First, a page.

The Complete Gardener

The Complete Gardener

Dried herbs hanging in a rustic wooden shed.

While relaxing the other night, I was browsing through a gardening book that promised to make the reader a “complete gardener”. Like so many other books of the genre it was neatly divided into sections entitled annuals, perennials, vegetables, etc. I was surprised to see one section devoted to lawns.

I know there are many people who take great pride in the appearance of their lawn and go through great effort and expense to make it just so. I do not. In fact, I would be quite happy with just garden beds separated by pathways of wildflowers and no lawn at all.

Yet we do have sections of lawn here at the farm, but not by choice. We have never planted a single grass seed, but the grass appeared as if from nowhere. Of course it’s the deep rooted weeds such as dandelions and plantain that first appear on razed ground, but somehow soon afterwards, the grasses begin. After a few mowings more and more grasses appeared and before long the beginnings of a lawn. The unwanted chore of mowing it from May to October is the only effort I will ever put into a lawn. Period.

Actually I regard grass as my enemy. I should qualify that statement by saying all grasses that spread by underground runners are my enemy, for they are always invading the garden beds. There are many types that go by many names such as witch grass or crab grass – you know the ones I mean. They’re evil. If they’re allowed to spread unchecked they’ll destroy a perennial planting in a lot less time than it took to establish it.

Grass is my enemy. That is why one of the early rituals of spring here is “grass wars”. I arm myself with a garden fork and wage war with any grass so bold as to invade the garden beds. It is not a war that I am winning at the present time. I’ve had to surrender some territory to the enemy, but am holding my own on all other fronts.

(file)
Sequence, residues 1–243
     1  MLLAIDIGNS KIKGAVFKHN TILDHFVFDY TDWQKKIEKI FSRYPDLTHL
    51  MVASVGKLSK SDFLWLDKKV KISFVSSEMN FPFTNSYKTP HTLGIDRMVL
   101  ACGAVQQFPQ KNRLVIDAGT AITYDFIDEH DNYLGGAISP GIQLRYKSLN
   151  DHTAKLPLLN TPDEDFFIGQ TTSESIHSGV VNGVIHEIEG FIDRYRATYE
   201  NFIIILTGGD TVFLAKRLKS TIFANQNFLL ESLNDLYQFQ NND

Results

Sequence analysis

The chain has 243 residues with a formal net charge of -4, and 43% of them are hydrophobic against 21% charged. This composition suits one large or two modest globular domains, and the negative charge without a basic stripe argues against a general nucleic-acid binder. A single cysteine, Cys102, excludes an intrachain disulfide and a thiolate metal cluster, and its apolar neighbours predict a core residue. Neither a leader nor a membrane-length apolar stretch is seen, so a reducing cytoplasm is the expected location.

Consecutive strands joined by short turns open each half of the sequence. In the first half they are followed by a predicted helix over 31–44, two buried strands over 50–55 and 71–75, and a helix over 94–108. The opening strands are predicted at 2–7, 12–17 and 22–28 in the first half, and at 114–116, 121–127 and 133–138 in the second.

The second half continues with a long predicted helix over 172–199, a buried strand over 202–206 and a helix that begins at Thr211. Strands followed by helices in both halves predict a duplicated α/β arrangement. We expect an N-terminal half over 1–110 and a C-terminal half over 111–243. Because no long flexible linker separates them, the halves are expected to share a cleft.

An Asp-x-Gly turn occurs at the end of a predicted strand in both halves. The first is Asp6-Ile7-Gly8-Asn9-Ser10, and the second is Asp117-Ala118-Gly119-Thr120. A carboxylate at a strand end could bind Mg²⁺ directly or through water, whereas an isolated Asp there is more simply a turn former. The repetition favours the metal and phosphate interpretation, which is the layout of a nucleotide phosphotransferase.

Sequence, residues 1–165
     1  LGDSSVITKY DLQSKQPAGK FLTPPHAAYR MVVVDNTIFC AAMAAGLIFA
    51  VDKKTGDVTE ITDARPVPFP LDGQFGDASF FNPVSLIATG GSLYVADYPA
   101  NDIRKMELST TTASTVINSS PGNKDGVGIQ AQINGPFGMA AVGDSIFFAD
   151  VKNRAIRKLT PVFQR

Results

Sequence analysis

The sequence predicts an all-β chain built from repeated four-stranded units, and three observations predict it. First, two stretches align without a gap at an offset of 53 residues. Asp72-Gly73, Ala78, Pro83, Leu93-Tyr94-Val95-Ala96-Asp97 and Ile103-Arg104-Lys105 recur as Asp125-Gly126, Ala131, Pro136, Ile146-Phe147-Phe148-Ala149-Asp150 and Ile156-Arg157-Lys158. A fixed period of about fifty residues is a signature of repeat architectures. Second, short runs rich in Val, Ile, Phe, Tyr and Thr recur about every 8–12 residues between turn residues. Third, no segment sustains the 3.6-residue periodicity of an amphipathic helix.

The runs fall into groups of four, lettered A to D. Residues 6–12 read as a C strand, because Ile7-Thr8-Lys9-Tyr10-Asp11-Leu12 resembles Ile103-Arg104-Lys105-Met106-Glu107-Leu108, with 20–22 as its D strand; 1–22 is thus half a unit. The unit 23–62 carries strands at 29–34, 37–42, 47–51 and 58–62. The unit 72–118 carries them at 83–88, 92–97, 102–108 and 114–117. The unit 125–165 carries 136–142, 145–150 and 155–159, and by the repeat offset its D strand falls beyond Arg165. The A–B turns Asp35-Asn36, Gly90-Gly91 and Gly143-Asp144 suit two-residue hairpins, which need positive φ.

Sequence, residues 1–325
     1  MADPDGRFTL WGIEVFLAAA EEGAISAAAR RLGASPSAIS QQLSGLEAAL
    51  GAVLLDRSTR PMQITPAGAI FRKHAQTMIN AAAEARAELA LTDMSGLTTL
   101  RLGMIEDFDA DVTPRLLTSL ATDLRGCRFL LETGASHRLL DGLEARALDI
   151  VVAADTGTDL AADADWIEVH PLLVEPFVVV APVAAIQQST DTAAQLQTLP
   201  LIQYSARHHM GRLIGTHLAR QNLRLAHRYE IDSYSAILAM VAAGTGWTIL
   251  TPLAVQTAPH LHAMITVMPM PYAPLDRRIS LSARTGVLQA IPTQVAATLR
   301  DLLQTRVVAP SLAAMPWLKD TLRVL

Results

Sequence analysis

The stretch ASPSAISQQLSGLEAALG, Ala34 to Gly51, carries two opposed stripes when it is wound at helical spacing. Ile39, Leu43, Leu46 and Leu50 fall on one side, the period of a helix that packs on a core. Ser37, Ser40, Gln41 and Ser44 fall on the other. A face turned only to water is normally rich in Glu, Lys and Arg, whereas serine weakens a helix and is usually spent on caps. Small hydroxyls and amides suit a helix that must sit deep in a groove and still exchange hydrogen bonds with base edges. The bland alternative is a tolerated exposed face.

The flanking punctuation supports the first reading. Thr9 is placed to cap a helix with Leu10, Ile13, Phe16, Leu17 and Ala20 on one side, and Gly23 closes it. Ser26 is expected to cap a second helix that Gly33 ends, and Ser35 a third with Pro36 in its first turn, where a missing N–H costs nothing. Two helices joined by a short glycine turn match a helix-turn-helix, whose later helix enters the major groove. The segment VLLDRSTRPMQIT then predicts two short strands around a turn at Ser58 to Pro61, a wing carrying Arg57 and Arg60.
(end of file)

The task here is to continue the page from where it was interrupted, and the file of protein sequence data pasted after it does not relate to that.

Hoeing just doesn’t seem to be enough to stop it. Only by lifting the grass, shaking off what soil you can and throwing it where the sun can dry it up seems to conquer the foe. This means a lot of work, but there are some techniques that make it less strenuous.

After the growing season I rake the soil at the edges of the garden beds into the center of the beds. I then fill the voids at the edges of the beds with leaves. (I actually cover the whole bed with leaves to protect the soil from erosion). If you haven’t enough leaves then a ride to town where many kind people bag theirs and put them at the curb can supply you with more. This won’t keep all the grasses from the beds, but it makes it easier to remove them and has the additional benefit of enriching the soil. I also rake all the fallen leaves against the outside of the beds and don’t bother to remove them. This is unattractive of course and may well blow around, but it hinders the grass growing into the beds and that’s just all right with me.

There are many native grasses and non-natives as well that form thick clumps instead of running rampant. I’ve transplanted these along the outside of my perennial beds and found that spreading grasses do not penetrate through them. They’ve proven to be an ally and are attractive as well. Doing this with clover works well, also..

Well, it’s time to put down the pen and pick up the garden fork and try to reclaim some of the garden I’ve lost to the grasses.

May your garden grow and your lawn stay where it belongs!

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